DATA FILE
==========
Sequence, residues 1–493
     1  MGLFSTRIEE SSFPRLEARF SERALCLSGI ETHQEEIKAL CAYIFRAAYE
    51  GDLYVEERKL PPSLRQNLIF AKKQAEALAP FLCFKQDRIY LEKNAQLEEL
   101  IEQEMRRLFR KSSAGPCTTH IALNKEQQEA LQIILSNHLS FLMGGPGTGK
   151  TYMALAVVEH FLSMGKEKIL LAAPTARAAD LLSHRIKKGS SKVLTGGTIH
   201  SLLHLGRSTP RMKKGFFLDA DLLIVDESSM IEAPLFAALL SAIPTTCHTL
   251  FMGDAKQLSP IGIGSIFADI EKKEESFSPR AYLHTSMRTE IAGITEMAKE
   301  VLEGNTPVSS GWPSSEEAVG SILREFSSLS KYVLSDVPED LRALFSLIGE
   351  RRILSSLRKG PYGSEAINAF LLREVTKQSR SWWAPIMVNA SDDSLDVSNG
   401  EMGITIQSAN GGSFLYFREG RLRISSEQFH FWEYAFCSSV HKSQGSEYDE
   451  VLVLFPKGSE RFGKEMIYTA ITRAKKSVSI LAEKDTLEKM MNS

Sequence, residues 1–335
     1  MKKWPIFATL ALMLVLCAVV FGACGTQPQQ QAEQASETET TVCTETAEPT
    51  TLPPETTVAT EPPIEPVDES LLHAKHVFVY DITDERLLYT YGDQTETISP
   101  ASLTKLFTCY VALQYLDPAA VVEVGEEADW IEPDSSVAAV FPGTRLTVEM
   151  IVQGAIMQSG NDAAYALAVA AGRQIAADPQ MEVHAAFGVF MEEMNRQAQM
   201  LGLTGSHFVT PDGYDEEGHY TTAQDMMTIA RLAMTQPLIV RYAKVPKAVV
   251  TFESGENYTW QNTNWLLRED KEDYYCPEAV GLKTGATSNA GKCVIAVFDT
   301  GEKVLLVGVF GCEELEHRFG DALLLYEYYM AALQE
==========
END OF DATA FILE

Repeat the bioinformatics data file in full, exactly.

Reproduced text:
Sequence, residues 1–493
     1  MGLFSTRIEE SSFPRLEARF SERALCLSGI ETHQEEIKAL CAYIFRAAYE
    51  GDLYVEERKL PPSLRQNLIF AKKQAEALAP FLCFKQDRIY LEKNAQLEEL
   101  IEQEMRRLFR KSSAGPCTTH IALNKEQQEA LQIILSNHLS FLMGGPGTGK
   151  TYMALAVVEH FLSMGKEKIL LAAPTARAAD LLSHRIKKGS SKVLTGGTIH
   201  SLLHLGRSTP RMKKGFFLDA DLLIVDESSM IEAPLFAALL SAIPTTCHTL
   251  FMGDAKQLSP IGIGSIFADI EKKEESFSPR AYLHTSMRTE IAGITEMAKE
   301  VLEGNTPVSS GWPSSEEAVG SILREFSSLS KYVLSDVPED LRALFSLIGE
   351  RRILSSLRKG PYGSEAINAF LLREVTKQSR SWWAPIMVNA SDDSLDVSNG
   401  EMGITIQSAN GGSFLYFREG RLRISSEQFH FWEYAFCSSV HKSQGSEYDE
   451  VLVLFPKGSE RFGKEMIYTA ITRAKKSVSI LAEKDTLEKM MNS

Sequence, residues 1–335
     1  MKKWPIFATL ALMLVLCAVV FGACGTQPQQ QAEQASETET TVCTETAEPT
    51  TLPPETTVAT EPPIEPVDES LLHAKHVFVY DITDERLLYT YGDQTETISP
   101  ASLTKLFTCY VALQYLDPAA VVEVGEEADW IEPDSSVAAV FPGTRLTVEM
   151  IVQGAIMQSG NDAAYALAVA AGRQIAADPQ MEVHAAFGVF MEEMNRQAQM
   201  LGLTGSHFVT PDGYDEEGHY TTAQDMMTIA RLAMTQPLIV RYAKVPKAVV
   251  TFESGENYTW QNTNWLLRED KEDYYCPEAV GLKTGATSNA GKCVIAVFDT
   301  GEKVLLVGVF GCEELEHRFG DALLLYEYYM AALQE